Skip to content

The March To 10,000 Hours

Steve Schlafman
Steve Schlafman
2 min read
The March To 10,000 Hours
Photo by insung yoon / Unsplash

How long does it take to become a master at something? I first learned of the “10,000-Hour Rule” about a decade ago when I first read ‘Outliers’ by Malcolm Gladwell. The premise of this rule is simple: the key to achieving mastery in any skill or craft, is, largely, a matter of putting in the time and practicing for roughly 10,000 hours. Gladwell argued that legends like The Beatles, Bill Gates and others crossed this milestone before truly breaking out.

I’ve been thinking about the “10,000-Hour Rule” following a conversation I had a few weeks ago with a talented and thoughtful executive at a well known startup in NYC. This gentleman just turned thirty and is starting to think about the next phase of his career and life. Despite being very good at his job, he doesn’t feel like he has made an impact or developed real skills that are truly valued in the world.

He told me about Thomas Callahan, a bike builder in Brooklyn, who is the founder of Horse Cycles.  Thomas makes about twenty custom steel bikes each year. His bikes are incredibly well made and beautiful. I can assure you Thomas has passed the 10,000 hour threshold building bikes. He’s a master craftsman.

My friend explained, “there’s something intoxicating about the idea of building something with my hands, delivering it to a customer, and then seeing that person derive happiness and meaning from that exchange.” I got the sense my friend desires to transition from his “desk job” to a new vocation that has a tangible impact on others. Thomas Callahan clearly has impacted my friend.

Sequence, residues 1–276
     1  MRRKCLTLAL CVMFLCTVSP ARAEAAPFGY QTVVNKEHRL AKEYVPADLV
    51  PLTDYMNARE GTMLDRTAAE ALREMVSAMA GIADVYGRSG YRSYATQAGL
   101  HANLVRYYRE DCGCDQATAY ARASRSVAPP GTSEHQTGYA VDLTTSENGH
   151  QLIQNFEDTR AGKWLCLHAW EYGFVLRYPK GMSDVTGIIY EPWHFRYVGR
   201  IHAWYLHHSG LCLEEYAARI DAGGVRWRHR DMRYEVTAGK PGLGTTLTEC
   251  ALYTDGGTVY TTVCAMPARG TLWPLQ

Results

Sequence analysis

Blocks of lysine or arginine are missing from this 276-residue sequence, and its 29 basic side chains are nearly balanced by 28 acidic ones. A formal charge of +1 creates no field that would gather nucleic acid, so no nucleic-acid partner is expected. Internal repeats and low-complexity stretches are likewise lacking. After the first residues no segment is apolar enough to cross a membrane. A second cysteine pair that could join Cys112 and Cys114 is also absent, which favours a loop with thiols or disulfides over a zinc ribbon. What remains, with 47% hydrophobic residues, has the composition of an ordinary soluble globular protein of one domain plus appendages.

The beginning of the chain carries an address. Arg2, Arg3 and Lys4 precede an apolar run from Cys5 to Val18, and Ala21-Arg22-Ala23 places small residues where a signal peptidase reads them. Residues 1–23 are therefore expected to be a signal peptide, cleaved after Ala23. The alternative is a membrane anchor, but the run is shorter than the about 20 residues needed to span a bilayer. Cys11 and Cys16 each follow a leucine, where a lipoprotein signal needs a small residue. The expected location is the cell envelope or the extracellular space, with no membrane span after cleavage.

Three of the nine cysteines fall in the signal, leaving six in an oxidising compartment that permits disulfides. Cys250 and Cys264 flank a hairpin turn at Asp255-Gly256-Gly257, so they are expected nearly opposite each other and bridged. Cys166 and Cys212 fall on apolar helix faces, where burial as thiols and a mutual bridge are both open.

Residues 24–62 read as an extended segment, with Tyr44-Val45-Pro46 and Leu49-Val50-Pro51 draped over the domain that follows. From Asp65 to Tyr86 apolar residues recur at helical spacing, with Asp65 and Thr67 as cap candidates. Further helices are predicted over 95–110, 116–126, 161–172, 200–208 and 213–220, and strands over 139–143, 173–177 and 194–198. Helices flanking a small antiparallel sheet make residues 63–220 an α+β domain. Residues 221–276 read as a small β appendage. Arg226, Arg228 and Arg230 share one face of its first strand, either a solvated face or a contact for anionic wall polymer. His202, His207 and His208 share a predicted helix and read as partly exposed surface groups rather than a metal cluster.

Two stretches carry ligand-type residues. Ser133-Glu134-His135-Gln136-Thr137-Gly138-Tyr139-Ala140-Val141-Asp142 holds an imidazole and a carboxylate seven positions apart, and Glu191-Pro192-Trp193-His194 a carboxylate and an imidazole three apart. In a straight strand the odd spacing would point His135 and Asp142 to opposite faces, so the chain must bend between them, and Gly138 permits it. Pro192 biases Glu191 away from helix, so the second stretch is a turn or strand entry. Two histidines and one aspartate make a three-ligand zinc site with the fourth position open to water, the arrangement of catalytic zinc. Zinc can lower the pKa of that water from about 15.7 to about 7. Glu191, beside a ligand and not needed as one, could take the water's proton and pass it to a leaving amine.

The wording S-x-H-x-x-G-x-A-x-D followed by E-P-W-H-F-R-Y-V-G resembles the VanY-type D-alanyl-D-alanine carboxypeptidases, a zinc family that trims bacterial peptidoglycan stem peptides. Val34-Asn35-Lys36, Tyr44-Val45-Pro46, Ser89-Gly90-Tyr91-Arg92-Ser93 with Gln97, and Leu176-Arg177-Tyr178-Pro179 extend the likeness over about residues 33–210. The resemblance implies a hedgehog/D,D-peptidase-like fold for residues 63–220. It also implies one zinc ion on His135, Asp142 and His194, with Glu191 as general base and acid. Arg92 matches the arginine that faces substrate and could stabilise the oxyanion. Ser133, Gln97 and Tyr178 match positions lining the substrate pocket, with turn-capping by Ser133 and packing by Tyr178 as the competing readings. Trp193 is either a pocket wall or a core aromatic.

How does this story relate back to 10,000 hours? My friend just entered his thirties and is clearly contemplating what to do next with the next phase of his career and life. I don’t know what is the right answer and path for him. BUT I do know that he has the time to remake himself and master a craft if that’s what his heart truly desires. God willing he makes it to eighty, he has five decades remaining to devote to his craft. Five decades! That’s fifty years! The time no doubt will go fast but it’s certainly more enough to achieve mastery.

So what does the march towards 10,000 hours look like? Eight hours a day for five days a week gets you there in only five years. Seems challenging but doable especially if one switches careers. Here’s another combination: two hours a day for five days a week gets you there in twenty years. That’s the part-time path to 10,000. There is even a calculator should you want to go down that rabbit hole.

Here’s my point in all of this. We all have the ability to launch our lives in a different direction. We all have the ability to master a new craft. We all have the ability to bring our visions to life. 10,000 hours seems like an eternity but remember time is on our side for many of us especially if we get started today. Each of us can become our own version of Thomas Callahan if we’re willing to put in the effort, passion and of course the time behind a vocation that we truly love.

Godspeed!

CreativityAdvice

Steve Schlafman Twitter

Exec coach. Writer. Student of Change.

Comments


Related Posts

Members Public

Investing In Your Co-Founder Relationship To Weather The Storm

What if I told you that you could have a healthy and trusting co-founder relationship? What if I told you that you could meet any roadblock head on? What if I told you there were simple practices to create a stronger union with your co-founder? Here’s the good news:

Investing In Your Co-Founder Relationship To Weather The Storm
Members Public

What I’ve Learned In My First Year as a Solopreneur

Exactly a year ago, I announced that I was leaving the world of institutional venture capital to pursue a career as a coach, advisor, and angel investor. I honestly had no clue what the path was going to look like or where it would lead me. This was one of

What I’ve Learned In My First Year as a Solopreneur
Members Public

How to Make a Lasting Impression in Under Ten Minutes

> "Showing gratitude is one of the simplest yet most powerful things humans can do for each other." -Randy Pausch, The Last Lecture When I was at RRE Ventures [https://www.schlaf.co/p/86ad0a83-e6fa-480b-81d1-41f66b546ed7/www.rre.com], I had a positive first meeting with Ben Marcus [https://www.linkedin.com/

How to Make a Lasting Impression in Under Ten Minutes